The "10 percent" plan in Texas has been one of the most successful experiments ever tried to get more minority students into top public universities with race-neutral criteria. It spawned similar (if less ambitious) programs in California and Florida and prompted numerous debates about equity in higher education admissions.
The University of Texas System announced Thursday that it would shutter its pioneering UT TeleCampus, laying off 23 employees and reconfiguring the online education entity into a smaller operation within the system's central office.
Six states that are trying to revamp remedial education are focusing as much on what happens outside of the classroom – in state policies – as inside. Among the targets for change are state funding formulas and individual course rules.
SEATTLE – Since its inception three years ago, the National College Advising Corps has dispatched recent college graduates from about a dozen states to help low-income and other disadvantaged students in their communities enroll in four-year institutions. In most participating states, however, advisers primarily reach out to high school students applying to college.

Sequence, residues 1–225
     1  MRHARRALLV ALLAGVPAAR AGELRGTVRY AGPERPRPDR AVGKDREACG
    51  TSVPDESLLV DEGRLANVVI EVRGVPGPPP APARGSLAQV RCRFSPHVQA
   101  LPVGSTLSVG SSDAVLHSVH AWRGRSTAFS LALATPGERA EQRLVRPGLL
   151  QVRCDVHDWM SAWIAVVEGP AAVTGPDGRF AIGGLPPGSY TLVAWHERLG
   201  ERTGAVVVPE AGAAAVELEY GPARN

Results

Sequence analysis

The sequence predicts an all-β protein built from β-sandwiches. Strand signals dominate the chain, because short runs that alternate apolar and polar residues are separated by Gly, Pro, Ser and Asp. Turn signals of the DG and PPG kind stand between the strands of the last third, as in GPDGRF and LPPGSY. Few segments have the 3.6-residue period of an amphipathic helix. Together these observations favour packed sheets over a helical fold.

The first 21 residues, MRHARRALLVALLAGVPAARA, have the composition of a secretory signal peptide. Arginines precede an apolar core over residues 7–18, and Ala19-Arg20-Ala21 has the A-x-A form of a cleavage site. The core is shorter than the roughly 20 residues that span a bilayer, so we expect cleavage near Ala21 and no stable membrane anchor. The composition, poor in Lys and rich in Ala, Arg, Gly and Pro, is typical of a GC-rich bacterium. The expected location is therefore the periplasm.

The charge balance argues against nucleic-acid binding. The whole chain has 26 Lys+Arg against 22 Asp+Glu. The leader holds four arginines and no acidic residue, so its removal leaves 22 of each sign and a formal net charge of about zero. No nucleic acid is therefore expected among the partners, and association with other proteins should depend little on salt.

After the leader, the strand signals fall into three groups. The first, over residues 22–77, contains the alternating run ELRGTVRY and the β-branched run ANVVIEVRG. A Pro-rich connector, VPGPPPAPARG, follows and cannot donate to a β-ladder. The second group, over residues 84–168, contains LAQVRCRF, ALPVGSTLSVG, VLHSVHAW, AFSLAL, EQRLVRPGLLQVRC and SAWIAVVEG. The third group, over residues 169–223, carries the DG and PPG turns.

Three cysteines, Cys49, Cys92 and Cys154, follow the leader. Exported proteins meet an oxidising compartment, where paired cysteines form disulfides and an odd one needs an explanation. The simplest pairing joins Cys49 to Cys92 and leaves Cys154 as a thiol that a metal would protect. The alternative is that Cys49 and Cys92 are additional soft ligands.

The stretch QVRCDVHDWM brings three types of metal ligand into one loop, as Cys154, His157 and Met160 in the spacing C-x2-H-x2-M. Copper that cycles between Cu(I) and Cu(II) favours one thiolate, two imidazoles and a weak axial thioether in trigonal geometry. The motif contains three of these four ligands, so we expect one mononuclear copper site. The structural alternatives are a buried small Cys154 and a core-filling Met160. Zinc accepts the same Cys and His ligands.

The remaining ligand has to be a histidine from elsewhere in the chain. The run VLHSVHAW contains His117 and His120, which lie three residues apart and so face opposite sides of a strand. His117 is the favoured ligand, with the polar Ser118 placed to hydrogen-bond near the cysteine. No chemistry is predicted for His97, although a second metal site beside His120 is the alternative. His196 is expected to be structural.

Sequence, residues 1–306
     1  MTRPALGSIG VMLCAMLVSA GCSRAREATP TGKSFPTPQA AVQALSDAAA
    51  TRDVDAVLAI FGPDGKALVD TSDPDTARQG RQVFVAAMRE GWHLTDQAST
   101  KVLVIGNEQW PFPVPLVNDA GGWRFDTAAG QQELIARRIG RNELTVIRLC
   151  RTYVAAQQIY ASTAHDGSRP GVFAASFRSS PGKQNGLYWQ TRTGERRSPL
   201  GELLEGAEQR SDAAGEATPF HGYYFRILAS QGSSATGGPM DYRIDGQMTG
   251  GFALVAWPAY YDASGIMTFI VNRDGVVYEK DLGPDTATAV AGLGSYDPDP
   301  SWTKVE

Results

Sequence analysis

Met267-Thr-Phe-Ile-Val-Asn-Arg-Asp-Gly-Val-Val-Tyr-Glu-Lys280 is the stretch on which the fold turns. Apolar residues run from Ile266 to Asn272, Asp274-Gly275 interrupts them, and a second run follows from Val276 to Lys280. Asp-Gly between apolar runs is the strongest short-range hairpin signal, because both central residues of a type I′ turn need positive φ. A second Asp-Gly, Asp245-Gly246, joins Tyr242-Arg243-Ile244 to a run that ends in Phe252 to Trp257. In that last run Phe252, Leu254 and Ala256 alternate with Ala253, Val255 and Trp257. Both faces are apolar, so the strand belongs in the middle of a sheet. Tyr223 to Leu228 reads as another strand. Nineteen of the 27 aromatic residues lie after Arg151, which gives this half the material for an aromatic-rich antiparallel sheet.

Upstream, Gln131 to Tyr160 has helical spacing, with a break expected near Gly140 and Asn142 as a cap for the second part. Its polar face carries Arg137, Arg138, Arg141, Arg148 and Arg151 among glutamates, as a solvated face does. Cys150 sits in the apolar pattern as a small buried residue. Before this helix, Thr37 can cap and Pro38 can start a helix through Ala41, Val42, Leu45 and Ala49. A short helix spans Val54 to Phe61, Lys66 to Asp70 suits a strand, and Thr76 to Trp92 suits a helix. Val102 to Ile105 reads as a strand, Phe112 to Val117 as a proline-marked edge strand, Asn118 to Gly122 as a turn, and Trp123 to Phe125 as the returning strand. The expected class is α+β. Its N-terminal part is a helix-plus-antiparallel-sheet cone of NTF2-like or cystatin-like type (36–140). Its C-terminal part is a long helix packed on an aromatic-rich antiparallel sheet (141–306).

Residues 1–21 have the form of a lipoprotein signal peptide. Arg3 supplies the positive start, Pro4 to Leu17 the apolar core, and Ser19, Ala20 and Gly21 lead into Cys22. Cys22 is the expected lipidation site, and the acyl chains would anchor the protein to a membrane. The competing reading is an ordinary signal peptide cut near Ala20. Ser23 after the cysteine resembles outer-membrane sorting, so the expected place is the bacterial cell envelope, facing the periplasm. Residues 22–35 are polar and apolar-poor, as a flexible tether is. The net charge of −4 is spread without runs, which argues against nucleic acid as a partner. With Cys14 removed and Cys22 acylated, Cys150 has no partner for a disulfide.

In an age where every penny counts, some universities are pulling out all the stops to collect parking ticket debts. Colleges are deploying a full arsenal of weapons, including the use of high-tech equipment to scan parking lots for violators, and the enlistment of collection agencies to hunt down deadbeats.
Anastasia Megan, a 13-year-old Florida girl who has nearly completed her high-school curriculum via homeschooling, tried to take dual-enrollment courses at Lake-Sumter Community College last year. She was denied entry, however, by administrators who thought she was not ready to sit alongside older students in the classroom. The Education Department’s Office for Civil Rights is now investigating whether the decision violated anti-bias law – raising an issue that comes up at other community colleges as well.